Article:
New major contracts or major Government Orders: A company that is able to obtain new major contracts or major government order is expected to see a bull run in its stock price. Those companies that fail in the contract bidding normally experience the fate of sell-off in its stocks.

Share buy-back: The act of share buy-back by a company will reduce the number of share available in the open market. Due to the law of supply and demand, a reduction in share available for trading in this case will cause a drop in supply, this will normally help increase the share price. Also, the continuing buying back of share of a company will also acts as a support for the share price that helps to maintain or increase the share price.

Dividend: After the announcement of a dividend. The stock price may increase by an amount close to the dividend per share value. However, the stock price may drop on the ex-dividend date by the dividend per share amount. This is because anyone buying a stock on or after the ex-dividend date are not entitled to the corresponding dividend payment.

3.1 Empirical Review

Madhavan (1992) explains volatility in the form of price divergence. Low volatility is needed since it reduces the unnecessary risk taken by investors and because to this market traders can easily sell their assets without facing the risk of adverse massive price movements. On the other hand, Jayasuriya (2002) argue that volatility is harmful as it makes investors averse to holding stocks, increase risk premiums and the cost of capital, and decreases investment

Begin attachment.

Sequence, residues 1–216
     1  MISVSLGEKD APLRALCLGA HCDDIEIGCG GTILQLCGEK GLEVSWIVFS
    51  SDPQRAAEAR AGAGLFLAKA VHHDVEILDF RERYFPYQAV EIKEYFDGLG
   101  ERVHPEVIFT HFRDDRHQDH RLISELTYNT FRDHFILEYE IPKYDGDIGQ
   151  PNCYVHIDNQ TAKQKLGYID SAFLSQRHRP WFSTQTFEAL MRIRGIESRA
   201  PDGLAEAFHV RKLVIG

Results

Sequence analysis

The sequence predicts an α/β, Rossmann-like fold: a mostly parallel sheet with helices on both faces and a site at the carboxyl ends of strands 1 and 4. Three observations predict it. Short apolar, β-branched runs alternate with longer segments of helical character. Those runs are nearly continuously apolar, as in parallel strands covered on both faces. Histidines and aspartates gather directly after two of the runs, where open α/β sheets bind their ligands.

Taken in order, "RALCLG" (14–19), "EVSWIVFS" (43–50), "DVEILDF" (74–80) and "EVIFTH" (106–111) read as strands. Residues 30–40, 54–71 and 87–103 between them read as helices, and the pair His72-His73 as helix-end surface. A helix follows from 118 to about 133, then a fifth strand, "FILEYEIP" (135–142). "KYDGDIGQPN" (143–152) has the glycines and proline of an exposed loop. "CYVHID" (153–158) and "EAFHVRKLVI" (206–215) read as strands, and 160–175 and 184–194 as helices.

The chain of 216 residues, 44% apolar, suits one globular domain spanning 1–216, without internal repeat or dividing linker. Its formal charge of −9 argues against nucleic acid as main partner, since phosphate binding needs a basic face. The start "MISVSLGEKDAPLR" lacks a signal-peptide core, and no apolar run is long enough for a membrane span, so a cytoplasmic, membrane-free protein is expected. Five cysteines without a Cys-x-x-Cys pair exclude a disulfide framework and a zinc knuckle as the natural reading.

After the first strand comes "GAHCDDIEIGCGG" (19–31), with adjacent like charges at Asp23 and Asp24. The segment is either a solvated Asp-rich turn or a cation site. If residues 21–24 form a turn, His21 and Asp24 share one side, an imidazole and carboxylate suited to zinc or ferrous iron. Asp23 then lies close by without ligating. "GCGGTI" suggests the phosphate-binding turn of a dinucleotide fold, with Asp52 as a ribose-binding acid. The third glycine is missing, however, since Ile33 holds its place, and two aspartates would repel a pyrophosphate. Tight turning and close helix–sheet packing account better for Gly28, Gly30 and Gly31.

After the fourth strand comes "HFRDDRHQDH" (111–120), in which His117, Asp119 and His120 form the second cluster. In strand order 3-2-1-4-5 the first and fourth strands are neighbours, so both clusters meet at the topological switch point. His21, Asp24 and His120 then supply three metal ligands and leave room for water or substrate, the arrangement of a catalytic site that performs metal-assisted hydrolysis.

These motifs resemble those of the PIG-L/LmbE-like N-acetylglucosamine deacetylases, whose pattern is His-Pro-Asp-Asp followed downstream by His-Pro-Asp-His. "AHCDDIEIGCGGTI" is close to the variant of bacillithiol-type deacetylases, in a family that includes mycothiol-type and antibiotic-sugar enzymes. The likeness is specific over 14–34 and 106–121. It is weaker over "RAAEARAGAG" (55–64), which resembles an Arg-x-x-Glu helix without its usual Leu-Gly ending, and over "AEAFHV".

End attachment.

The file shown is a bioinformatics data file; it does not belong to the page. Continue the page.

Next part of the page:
There are a number of negative implications of the stock market volatility. One implication is that market volatility influences the economy by having an impact on spending patterns of the consumer (Campbell, 1996; Starr-McCluer, 1998;Ludvigson and Steindel 1999 and Poterba 2000). The impact of volatility on consumer expenditure is related to the wealth effect. Increased wealth causes increased spending while fall in stock market reduces spending. Business investment (Zuliu, 1995) and economic growth (Levine and Zervos, 1996 andArestis et al 2001) are also directly concerned by stock market volatility. In case of increased volatility, equity investments can be seen as more risky and the investments can be shifted to relatively less risky assets.

3.2.1 Determinants of Stock market volatility

A increasing concern has come forward in recent years investigating the determinants of volatility spread across stock markets.

3.2.1.1 Inflation

The link between stock market returns and inflation, if any has raised the interest of researchers and practitioners in the same way mainly since the twentieth century. The basis of the discussion is the Fisher (1930) equity stocks declaration. According to the generalized Fisher (1930) hypothesis, equity stocks signify claims against real assets of a business; and as such, may provide a hedge against inflation. If so, then investors could exchange their financial assets in return for real assets when anticipated inflation is asserted. In such a situation, share prices in nominal terms should completely mirror expected inflation and the linkage between these two variables should be positively correlated ex ante (Ioannides, et.al., 2005:910). This debate of equity market providing a hedge against inflation may also mean that investors are wholly paid off for the increase in the general price level through equivalent rises in nominal share market returns and therefore, the real returns stay unaffected.